One of the classes I took a few years ago was Hebrew and it was one of my favorites; not because I learned a little of the language but because my teacher taught a lot of Hebrew theology. One lesson which has stuck with me is about the Sh’ma – which was the basis of this Sunday’s teaching from Mark 12. You can listen to Pastor John’s message on Crosswalk’s teachings page. In English, Sh’ma is translated as “listen” or “hear”. When it is used at the beginning like this, it was something the Hebrews (and later, the Jewish people) understood as language used by the prophets. The translation to the English “listen/hear” cannot accurately portray what they were saying because it is not just a simple “listen to this…” like we would say about an interesting news article. It was more of a “what I am about to say is really important and you need to not only pay attention, but to DO what I am about to tell you.” It is essentially a commandment which requires a response. In Mark 12, Jesus did not simply tell the scribes to “love the Lord, your God…” He was intentional in telling them “Hear, O Israel…” – He was making sure they understood how important what He was telling them was.
Why am I writing about all of this? Because I am very excited about this past week. Last week I had the opportunity to ask for prayer through our weekly e-mail and I know you prayed. One prayer was to make some friends outside of church. By Friday, I had run into the wife of a friend I had not spoken to in years and been messaged by another old friend who wanted to have lunch with me. Neither one of them attend church. Sure this is just a start, but wow, God put two opportunities before me of exactly what I asked for prayer for. All I can say is thank you for your prayers and thank you God for giving me those opportunities. The other prayer request was for our leadership as we went on a retreat for two days. The retreat was amazing and I have no doubt that the Spirit is moving here at Crosswalk and His presence was felt at the retreat. I am pumped up, not only because of what God gave us but because I knew, beyond a shadow of a doubt, that we were being prayed over by you. When I prayed before bed Friday night and reflected upon the day, I literally got goose bumps from the knowledge that so many people were praying for our time together and it showed. You didn’t just read my e-mail last week; you saw the request, and did it.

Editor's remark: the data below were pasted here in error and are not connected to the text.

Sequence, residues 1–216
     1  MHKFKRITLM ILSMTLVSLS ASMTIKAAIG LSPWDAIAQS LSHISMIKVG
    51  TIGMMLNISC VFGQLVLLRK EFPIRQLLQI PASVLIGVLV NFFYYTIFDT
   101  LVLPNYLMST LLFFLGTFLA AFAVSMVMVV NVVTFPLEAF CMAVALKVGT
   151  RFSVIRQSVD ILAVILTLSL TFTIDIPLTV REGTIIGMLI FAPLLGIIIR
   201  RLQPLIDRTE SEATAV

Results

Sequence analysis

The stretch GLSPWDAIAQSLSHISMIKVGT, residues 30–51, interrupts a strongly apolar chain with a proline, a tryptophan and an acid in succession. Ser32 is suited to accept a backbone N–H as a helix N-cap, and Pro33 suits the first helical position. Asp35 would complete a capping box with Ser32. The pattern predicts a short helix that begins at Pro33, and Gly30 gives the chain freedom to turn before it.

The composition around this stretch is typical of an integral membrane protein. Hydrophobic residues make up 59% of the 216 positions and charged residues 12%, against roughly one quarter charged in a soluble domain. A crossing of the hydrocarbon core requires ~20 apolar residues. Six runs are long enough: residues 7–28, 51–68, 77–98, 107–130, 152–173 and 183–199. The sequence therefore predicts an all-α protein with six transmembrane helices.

One of the things I love about praying for each other is that people do it because they want to. It is not simply obedience to God. We pray for each other out of caring. This is important; loving God with all our hearts, soul, mind, and strength; and loving each other as ourselves are not things we do out of obedience. If that were the case, the English translators would have used “Obey, O Israel…” instead of “hear” but they didn’t. Jewish scholars say that there is no Hebrew word for the verb “to obey.” Sh’ma is close but not quite. Why not? Because obedience can be done regardless of how we feel about it – you can “grudgingly obey.” But you can’t force someone to love someone else, you can’t make people care about other people. It is a choice. We have to want to love and care about God and each other that much. The closest obedience comes is to say “willing obedience”– motivation matters.
I also wrote about the power of community, praying for each other, and how it was modeled throughout Acts. At 2nd service on Sunday, God brought us three men; Byron, Braxton and Antonio, who were involved in a very serious accident last week and Pastor John led all of us in prayer over them. He didn’t do this because he was trying to make a statement; he did it because as a church community we love these young men. There are still two other men involved in that accident who are still in the hospital, please continue to pray for their recovery. In our lives, this is what Jesus is asking us to do: to hear (or read) what He has done and then demonstrate it through action. Not because He says to but because we want to; because we love God and we love each other.
Trying to listen,